Monthly Archives: October 2011

6 Best Practices for Universities Embracing Social Media

Content from: Hubspot
Original article posted at Mashable

This article breaks down a few important tips to help educational institutions develop their social media strategy.

Their 6 point best practices are as follows:

1. Develop a Strategy and Set Goals

2. Pick and Choose Your Platforms

3. Empower and Support Individual Departments

4. Put Guidelines in Place

5. Develop a Consistent Voice Across Platforms

6. Communicate Across Campus

Some key take-aways from the article are to consider what audiences you’re attracting (prospective student vs. current student vs. alumni) and to choose your platforms accordingly.  There is also a lot to be said for choosing a few key platforms and providing a consistent presence on them rather than spreading your office too thin on every social network, but failing to provide regular content updates and engaging with the online community.

One of the biggest challenges we often face is communicating across departments within an institution. Many of our departments have different goals (obviously admissions is looking to recruit new students while the program offices are more focused on disseminating information to current students), but see if you are able to connect with one staff member within key departments across campus in an effort to unite on the social media front.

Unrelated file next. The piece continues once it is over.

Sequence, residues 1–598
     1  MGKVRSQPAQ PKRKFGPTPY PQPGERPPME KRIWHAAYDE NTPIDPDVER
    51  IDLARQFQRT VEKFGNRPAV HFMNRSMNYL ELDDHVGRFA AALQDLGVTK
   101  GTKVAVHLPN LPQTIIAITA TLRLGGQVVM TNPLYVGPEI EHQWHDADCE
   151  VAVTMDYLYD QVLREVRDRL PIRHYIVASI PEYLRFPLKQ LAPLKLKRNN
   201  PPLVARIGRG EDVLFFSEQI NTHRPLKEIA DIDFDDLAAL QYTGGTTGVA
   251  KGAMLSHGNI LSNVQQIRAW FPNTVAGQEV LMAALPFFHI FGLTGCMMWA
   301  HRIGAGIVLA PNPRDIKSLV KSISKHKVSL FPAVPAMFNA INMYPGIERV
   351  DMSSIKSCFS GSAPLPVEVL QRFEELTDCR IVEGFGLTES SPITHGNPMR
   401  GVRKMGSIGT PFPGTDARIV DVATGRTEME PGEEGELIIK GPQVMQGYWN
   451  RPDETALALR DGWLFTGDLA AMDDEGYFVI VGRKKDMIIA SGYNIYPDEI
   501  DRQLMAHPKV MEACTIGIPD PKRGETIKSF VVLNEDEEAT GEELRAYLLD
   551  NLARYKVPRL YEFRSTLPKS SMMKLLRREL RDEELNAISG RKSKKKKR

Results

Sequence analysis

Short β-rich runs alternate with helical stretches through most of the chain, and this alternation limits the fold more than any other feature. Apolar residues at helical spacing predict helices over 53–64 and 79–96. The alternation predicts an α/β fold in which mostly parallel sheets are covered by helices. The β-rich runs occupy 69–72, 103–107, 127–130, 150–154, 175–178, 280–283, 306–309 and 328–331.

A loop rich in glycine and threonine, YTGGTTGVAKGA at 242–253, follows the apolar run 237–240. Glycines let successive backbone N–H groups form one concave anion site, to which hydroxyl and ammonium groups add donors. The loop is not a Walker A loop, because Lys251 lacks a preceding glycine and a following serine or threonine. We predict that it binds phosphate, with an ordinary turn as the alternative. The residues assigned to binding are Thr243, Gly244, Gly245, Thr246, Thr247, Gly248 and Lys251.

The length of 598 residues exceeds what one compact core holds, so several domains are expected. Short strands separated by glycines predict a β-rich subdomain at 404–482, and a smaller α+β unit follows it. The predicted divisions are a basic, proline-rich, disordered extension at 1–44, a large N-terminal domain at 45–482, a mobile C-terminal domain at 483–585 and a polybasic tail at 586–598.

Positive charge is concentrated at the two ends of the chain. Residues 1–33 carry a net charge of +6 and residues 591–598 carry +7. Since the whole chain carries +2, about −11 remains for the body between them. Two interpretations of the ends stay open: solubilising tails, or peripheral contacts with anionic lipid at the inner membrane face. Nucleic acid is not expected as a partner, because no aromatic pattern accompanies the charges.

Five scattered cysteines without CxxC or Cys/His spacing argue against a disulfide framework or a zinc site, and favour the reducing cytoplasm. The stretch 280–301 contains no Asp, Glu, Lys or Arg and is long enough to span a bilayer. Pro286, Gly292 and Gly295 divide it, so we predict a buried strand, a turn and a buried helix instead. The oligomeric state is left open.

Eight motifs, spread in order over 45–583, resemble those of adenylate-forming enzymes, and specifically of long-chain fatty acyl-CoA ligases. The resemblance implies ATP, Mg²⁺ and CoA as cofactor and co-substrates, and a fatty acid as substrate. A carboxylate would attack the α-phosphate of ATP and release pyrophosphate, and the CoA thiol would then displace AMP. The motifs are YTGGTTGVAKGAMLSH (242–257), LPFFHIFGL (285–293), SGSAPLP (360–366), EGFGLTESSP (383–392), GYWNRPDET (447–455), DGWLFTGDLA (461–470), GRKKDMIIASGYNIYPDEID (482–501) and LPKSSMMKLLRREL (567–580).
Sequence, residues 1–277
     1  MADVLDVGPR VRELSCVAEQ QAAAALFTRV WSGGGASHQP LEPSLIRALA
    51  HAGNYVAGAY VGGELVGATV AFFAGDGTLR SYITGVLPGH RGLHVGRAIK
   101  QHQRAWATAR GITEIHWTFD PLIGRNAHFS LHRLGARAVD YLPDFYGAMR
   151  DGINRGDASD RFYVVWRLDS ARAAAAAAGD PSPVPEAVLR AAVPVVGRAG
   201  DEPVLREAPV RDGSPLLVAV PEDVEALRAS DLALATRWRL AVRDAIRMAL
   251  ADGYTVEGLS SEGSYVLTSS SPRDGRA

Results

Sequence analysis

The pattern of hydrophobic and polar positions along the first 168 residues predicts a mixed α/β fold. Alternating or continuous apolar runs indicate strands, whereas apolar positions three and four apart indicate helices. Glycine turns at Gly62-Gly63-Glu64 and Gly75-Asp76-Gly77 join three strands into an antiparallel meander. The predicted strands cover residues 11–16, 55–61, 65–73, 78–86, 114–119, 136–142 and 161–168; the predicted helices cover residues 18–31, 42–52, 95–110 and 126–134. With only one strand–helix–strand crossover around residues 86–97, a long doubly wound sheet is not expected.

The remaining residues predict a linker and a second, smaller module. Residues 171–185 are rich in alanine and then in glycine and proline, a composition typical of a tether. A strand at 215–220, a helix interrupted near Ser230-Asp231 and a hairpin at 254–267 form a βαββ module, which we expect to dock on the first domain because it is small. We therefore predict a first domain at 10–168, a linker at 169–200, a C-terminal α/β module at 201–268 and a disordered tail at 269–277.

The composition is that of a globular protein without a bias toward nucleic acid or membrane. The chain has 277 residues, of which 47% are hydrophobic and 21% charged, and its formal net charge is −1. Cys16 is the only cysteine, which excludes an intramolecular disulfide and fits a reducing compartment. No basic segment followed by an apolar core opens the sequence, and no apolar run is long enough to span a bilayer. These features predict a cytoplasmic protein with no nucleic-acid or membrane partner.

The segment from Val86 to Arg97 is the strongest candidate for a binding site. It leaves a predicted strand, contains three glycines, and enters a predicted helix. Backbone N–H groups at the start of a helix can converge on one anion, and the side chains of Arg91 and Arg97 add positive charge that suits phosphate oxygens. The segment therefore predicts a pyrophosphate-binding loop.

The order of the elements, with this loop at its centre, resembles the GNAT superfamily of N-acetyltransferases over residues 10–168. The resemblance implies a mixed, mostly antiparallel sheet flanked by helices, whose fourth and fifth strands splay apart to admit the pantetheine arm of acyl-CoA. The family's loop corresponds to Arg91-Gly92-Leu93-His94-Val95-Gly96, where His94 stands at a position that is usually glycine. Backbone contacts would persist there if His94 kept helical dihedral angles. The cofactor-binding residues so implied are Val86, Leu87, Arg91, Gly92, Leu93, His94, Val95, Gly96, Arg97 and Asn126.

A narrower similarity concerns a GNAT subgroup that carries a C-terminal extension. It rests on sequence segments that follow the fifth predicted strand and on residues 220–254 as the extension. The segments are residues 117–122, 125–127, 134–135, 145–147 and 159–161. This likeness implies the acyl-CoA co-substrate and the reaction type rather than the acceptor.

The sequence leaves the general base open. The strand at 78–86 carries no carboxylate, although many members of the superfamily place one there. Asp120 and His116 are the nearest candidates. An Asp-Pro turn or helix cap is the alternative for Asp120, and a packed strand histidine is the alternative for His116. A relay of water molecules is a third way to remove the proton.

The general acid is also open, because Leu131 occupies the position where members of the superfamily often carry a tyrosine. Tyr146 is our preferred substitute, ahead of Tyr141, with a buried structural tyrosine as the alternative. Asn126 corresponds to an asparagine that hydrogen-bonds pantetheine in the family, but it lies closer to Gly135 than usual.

If even 4-5 departments band together it will generate a much stronger online presence, create a consistent voice (to Hubspot’s point #5), and increase your reach. This endeavor may take a significant time commitment upfront and may require quite a bit of scheduling to have some sit-down face-time meetings with department representatives.

In the beginning of this process you may find that the topic of social media does not even make it on the agenda. Be patient. Focus on relationship building and provide examples of how your office can support their department’s goals. Also keep in mind that many university officials didn’t grow up in the Web 2.0 generation, and still many think it is not important as an “official channel of communication.” Once you have developed their trust you can present your united social media concept and showcase how it will deliver benefits to their office, as well as yours. Think of this process as an investment that can provide long term benefits for the institution as a whole and ultimately greatly help with your recruitment and retention efforts.

Read the full article here

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